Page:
This is what I’ve been waiting for. Critiquing smaller, newer, weaker shows is always fun, but the true joy of this whole “TV critic” thing is being able to pour my analysis over something powerful and unique- something that’s miles ahead of everything else on TV. Something that’s special to me. This is the big leagues, baby.
Oh and one more thing before I dive in- if you’re not watching Justified, but you happen to be reading this in a blurb on the front page of my blog, then I beg of you: watch Justified. It is, without a doubt, one of all-around smartest and most engaging things you can see on TV today. That’s all.
I broke this episode up into some basic ideas, so to keep everything separate I’m gonna employ a bullet point system. Hopefully it works as well as I think it’s gonna work.
- The big thing that stood out to me in “The Gunfighter” is that this is very much a part of a larger, season-long arc. Back in seasons one and two, Justified would start us off with a standalone story of some kind, whether it be a feud with Boyd or Raylan tracking down a sex offender that kidnapped a young girl. Both of those stories tied into the season in one way or another, but they were very much self-contained ideas. Not anymore. There’s a little bit of a one-episode story in Raylan going toe-to-toe with Dixie Mafia thug Fletcher Nix (Dexter’s Desmond Harrington), but other than that everything we’re seeing here is building off the events from last year. Clearly Graham Yost and everyone else running this show saw what’s worked (season-long story arcs) and what hasn’t (police procedural crime-of-the-week type episodes) and have made the necessary adjustments. This, everyone, is what smart TV shows do.
- A quick note on how Raylan as a character- with a baby on the way (and having been shot in last season’s finale), we’re starting to see a more grown-up Raylan Givens. He’s thinking of baby names and mortgages and stopping Winona from having just that one beer like a responsible dad would. A lot of characters can go this route (see Dexter for a prime example), but unlike Dexter becoming a father figure, this doesn’t drastically change who Raylan is. It feels like something that stems naturally from what he’s gone through the past two seasons.
- And oh, what he’ll go through this season. We’ve got two new baddies being introduced here- first off is Neal McDonough as Robert Quarles, an aggressive Detroit mobster with an icy demeanor. Quarles is the guy driving the story (for the most part) in this episode- by setting up Raylan against the Dixie Mafia, he kick-starts all the action we see here and gets himself a top spot in the Harlan crime syndicate. After two seasons of down-and-dirty backwoods villains, it’s nice to see someone from a verrrrry different world introduced into the fold. Also check out those spring-loaded sleeve guns- somewhere down the line he’s gonna draw those on Raylan. This show has far too many quick-draw scenes to not try that one out.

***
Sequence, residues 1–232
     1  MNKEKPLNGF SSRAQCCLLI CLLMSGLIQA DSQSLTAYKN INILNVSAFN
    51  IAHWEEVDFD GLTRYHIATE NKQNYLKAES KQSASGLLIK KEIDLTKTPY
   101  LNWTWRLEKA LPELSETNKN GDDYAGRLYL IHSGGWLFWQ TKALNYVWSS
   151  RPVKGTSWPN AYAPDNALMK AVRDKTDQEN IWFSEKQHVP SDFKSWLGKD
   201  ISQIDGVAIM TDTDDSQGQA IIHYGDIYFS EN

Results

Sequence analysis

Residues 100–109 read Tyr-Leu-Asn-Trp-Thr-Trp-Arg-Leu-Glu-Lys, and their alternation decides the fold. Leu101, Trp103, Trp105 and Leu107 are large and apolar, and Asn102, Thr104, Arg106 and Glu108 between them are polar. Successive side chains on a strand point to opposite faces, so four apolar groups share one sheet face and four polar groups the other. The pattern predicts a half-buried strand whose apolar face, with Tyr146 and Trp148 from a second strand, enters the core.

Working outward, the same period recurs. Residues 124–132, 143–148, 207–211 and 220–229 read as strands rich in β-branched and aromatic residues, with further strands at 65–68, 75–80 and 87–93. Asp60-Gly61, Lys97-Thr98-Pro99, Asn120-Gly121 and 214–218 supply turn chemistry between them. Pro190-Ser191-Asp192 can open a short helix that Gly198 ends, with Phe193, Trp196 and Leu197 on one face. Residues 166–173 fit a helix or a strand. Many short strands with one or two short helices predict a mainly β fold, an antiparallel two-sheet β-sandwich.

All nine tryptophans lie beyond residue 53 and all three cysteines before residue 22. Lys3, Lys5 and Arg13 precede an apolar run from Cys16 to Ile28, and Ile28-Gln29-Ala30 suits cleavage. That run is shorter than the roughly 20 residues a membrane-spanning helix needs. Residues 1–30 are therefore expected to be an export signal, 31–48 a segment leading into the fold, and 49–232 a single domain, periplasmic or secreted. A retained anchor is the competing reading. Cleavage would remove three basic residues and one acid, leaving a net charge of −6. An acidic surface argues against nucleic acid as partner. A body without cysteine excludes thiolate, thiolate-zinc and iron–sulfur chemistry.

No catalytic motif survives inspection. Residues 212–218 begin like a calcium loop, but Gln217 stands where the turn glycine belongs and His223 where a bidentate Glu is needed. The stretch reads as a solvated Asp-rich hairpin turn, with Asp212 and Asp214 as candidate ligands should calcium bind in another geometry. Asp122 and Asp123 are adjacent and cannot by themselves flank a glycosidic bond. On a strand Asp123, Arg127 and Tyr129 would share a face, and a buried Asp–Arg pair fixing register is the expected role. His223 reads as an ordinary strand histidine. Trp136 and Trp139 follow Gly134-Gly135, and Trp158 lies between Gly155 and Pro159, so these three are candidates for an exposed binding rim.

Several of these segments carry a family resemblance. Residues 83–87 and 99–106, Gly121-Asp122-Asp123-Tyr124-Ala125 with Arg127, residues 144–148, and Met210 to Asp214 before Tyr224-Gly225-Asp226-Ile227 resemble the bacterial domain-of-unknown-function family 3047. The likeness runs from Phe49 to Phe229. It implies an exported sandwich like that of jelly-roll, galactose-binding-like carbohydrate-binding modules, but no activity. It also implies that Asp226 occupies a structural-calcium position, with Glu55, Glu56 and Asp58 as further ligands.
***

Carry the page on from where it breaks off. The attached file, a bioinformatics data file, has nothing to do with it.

- But don’t forget villain #2: Fletcher Nix. I’m not sure if he survived this one (we’ve seen Boyd take a gunshot wound to the chest and keep on going, so you never know) but I’d like him to stay. He’s almost like some evil alternate universe version of Raylan. He’s got a signature hat. He speaks with just a little bit of dry wit. And even though Harrington’s not the strongest actor alive, he does just fine with a character that’s built up to a perfect climax. We see him outsmart his victims and the police throughout the episode, and that climactic scene in Raylan’s hotel room had just the right amount of tension. We know Nix’s icepick trick, and we know Raylan’s not gonna lose, but the speed of Raylan yanking the tablecloth (and the gun with it) and that tiny little ‘oh shit’ moment before Raylan fires was a perfect finisher to that scene.
- One last note about that shootout- the whole gunfight-while-sitting-down thing was a big ‘ole parallel to the opening (and closing) gunfights of Justified’s very first episode. And just as I was realizing that, Nix brings the onscreen conversation over to the events of that first episode. Well played, Justified. Well played.
- So I’ve got two quick points to make before I wrap this up. First, let’s get to Boyd and Ava. Boyd, for the first time in this series, has really got himself a position of power here and his first move’s a doozy. He gets himself thrown in jail (Boyd’s far too smart to have hit Raylan in the Marshall headquarters without knowing the repercussions), allowing Ava to lead in his stead while he gets closer to the now-incarcerated Dickie Bennet. I don’t know what he’s planning. But I kinda like it that way. I also like that Ava has a chance to shine as she gets farther and farther onto the wrong side of the law.
- Finally, I’d just like to mention something notably absent from “The Gunfighter,” and that’s any sign of Mykelti Williamson, the other major baddie being added this season. Justified’s got a great track record of unique and fascinating bad guys, and having already gotten a glimpse at Major Villain #1, I can’t wait to finally meet Major Villain #2.
Maybe we’ll see him next week. I know I’ll be watching. Will you?